Second, running the US is not like running a business. Other countries are free to do their business apart from the US.  If Trump’s doctrine slaps tariffs on imports for instance, it burdens US companies that would need to pay more for required products or materials, putting a strain on the US economy. Playing hard ball with other nations spurs them to engage more closely with each other. That would make the dollar less attractive. This will likely happen during the second half of the year, once it becomes clear the Fed isn’t on a rate hike rampage and Trump isn’t as adept at the economy as he is prevalent on Twitter.

Third, an overly aggressive Trump administration, combined with its ample conflicts of interest could render Trump’s and his cohorts’ businesses the target of more terrorism, and could unleash more violence and chaos globally.

Fourth, his doctrine is deregulatory, particularly for the banking sector. Consider that the biggest US banks remain bigger than before the financial crisis. Deregulating them by striking elements of the already tepid Dodd-Frank Act could fall hard on everyone.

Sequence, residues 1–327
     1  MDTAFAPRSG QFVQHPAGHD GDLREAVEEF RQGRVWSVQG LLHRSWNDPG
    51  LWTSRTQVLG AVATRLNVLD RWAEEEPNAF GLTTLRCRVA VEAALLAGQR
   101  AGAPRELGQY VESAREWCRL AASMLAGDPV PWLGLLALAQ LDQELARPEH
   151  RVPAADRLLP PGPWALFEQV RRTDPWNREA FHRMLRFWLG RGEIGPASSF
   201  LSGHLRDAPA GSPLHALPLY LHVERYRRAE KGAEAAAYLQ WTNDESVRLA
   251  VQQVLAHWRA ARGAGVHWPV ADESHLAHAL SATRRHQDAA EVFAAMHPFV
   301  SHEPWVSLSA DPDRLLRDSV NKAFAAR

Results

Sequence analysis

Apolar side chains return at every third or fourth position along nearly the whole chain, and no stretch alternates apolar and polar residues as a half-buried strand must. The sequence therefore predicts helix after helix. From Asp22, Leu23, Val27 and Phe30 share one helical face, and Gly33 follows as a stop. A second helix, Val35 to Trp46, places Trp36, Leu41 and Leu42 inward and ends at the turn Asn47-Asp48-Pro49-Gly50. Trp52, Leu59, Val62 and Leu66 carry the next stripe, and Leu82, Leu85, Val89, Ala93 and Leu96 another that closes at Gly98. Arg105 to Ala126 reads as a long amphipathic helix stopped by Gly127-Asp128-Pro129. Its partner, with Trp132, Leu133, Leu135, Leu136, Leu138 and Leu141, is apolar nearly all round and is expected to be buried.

When the system crashes, it doesn’t care about Republican or Democrat politics. The last time deregulation and protectionist businessmen filled the US presidential cabinet was in the 1920s. That led to the Crash of 1929 and Great Depression. 

Today, the only thing keeping a lid on financial calamity is epic amounts of artisanal money. Deregulating an inherently corrupt and coddled banking industry, already floating on said capital assistance, would inevitably cause another crisis during Trump’s first term.


In closing, I share with you my yoga instructor’s New Year’s motto:

Don’t half-ass anything.

That means whatever you do - imbue it with passion, courage, attention and conviction.